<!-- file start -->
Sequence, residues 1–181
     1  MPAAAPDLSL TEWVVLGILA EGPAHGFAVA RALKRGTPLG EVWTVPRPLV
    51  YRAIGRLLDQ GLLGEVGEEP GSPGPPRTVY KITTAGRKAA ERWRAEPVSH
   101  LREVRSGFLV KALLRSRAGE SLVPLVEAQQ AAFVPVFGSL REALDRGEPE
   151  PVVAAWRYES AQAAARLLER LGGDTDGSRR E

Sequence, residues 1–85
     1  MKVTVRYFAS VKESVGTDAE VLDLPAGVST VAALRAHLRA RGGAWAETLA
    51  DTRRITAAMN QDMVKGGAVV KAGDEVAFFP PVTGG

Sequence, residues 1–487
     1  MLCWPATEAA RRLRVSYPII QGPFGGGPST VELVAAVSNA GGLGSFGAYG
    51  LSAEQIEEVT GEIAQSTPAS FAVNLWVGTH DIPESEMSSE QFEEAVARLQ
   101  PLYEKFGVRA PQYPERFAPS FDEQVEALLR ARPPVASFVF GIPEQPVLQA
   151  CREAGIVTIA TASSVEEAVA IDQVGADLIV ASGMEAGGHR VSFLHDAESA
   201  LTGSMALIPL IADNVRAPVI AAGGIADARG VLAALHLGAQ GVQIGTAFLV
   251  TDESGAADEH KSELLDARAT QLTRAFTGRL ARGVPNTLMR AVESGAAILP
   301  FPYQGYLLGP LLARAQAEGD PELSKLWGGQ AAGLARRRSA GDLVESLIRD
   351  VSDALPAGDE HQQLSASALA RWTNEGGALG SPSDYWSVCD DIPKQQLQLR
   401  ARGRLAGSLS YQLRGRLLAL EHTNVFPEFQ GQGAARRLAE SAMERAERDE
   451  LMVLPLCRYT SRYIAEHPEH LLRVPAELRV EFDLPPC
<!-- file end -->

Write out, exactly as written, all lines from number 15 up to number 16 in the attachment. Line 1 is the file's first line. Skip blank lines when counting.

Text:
   251  TDESGAADEH KSELLDARAT QLTRAFTGRL ARGVPNTLMR AVESGAAILP
   301  FPYQGYLLGP LLARAQAEGD PELSKLWGGQ AAGLARRRSA GDLVESLIRD